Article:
Review: ECHO OHS fly rod

ECHO's One Hand Spey rod offers versatility, opens new fishing opportunities
echo ohs fly rod
Photo: Cosmo Genova

In the Finger Lakes region of upstate New York, from mid October to early December, landlocked Atlantic salmon run up countless tributaries to spawn, often coming in waves as water levels rise and fall with autumn rains. I have been fly fishing for them since I was barely out of diapers. Over the years, I have honed the gear and techniques I employ in search of these leaping salmonids, but I am always experimenting and refining.

As time has passed, I've found myself gravitating steadily towards water-loaded and single hand spey-style casts with my trusty 10' 7wt and so, naturally, I have flirted with the idea of picking up a switch rod. For one reason or another, I never pulled the trigger. I was happy enough with what I had, and money was prioritized in different directions. But then the ECHO OHS came onto my radar—a purported missing link between single hand and spey rods—and I had to check it out for myself.

Beyond occasionally borrowing a friend's, playing around with the Echo OHS was my deepest foray into the world of spey style rods and interchangeable head systems. But don't let the mention of spey casting fool you, the OHS isn't a two-hander. OHS stands for One Hand Spey.

The ECHO OHS is intended to be used for single-handed spey style casting which incorporates a haul to shoot the line at the end of the casting stroke. But what's cool about the OHS is that it allows you to overhand cast as well. Matched with a Skagit style shooting head, you get to enjoy the benefits of a switch rod without sacrificing the ability to pick up and cast when needed. The casts I was doing with my standard fly rod and line setup were very similar to the casts the OHS was designed for, so it seemed like the perfect choice. The OHS is available in 6-8wts, and all models measure 10' 4." I went with the 7wt, and borrowed some lines from friends to explore different weight and head styles before committing. ECHO recommends between 240-270 grain heads, but I read about some people going much higher. I split the difference with a 300 grain head, which quickly became my favorite of the weights I tried. Then I put together some homemade floating and sinking tips and hit the tributaries.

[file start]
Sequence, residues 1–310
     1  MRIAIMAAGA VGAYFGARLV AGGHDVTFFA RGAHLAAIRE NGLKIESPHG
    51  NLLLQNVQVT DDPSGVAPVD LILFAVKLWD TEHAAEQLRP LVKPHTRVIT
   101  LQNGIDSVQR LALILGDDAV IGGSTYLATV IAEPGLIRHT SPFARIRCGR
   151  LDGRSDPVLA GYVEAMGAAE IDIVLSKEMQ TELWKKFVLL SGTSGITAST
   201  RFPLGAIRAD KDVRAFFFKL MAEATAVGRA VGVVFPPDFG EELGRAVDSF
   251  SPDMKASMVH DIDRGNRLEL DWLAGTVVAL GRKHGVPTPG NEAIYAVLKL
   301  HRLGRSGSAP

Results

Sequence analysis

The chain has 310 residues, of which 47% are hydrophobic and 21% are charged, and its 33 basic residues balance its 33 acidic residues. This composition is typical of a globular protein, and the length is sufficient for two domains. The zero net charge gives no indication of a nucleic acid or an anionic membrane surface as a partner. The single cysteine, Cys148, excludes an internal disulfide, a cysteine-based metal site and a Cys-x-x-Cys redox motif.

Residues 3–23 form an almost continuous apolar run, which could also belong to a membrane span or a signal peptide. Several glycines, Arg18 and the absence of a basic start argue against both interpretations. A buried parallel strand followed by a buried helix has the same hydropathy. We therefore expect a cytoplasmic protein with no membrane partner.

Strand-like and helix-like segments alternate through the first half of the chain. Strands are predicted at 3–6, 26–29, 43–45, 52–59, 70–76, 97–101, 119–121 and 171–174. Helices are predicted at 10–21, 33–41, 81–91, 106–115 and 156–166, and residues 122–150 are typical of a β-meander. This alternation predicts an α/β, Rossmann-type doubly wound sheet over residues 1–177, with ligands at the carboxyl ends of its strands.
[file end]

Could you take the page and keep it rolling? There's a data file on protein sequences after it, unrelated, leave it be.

What works

I have owned and fished quite a few ECHO rods over the years, and the OHS is no exception to the quality and value one would expect. The four piece pearl green blank features chrome snake guides and silicon carbide (SIC) stripping guides, an anodized aluminum reel seat, and a full Wells style cork grip. The OHS comes in a fabric-covered hard rod case and cloth sock, and includes both a threaded single hand and spey style fighting butt. She'll run you about $475 new, which is one of ECHO's pricier offerings—but you get what you pay for, and he OHS looks and feels like a quality stick worth the price tag.


Having required their services myself in the past, I can say from personal experience that the ECHO Lifetime Warranty and customer service are also excellent. They'll fix or replace almost anything for about $35 plus shipping, and get it back to you quickly.

Casting stroke
I read several reviews that warned that this rod is not ideal for true two hand spey/switch style casts, and I have found that to be somewhat true. Though I could pull them off, I much prefer the single hand water-loaded-haul-casts (for lack of a better description) that characterize the OHS. As such— assuming you've found a good line pairing—your enjoyment of this rod will depend on your ability to make effective use of hauling. It's all about well timed hauls to load the rod and send your cast into the next area code. Just get your line in position, load your rod off the water to form your D-loop, give it a haul on your forward stroke and let it rip. It's pretty amazing how far you can shoot this thing for how relatively effortless it is to cast, and the compact casting stroke is really nice on small, packed rivers with minimal room to set anchors and pull off more elaborate spey casts.

echo ohs fly rod
Photo: Cosmo Genova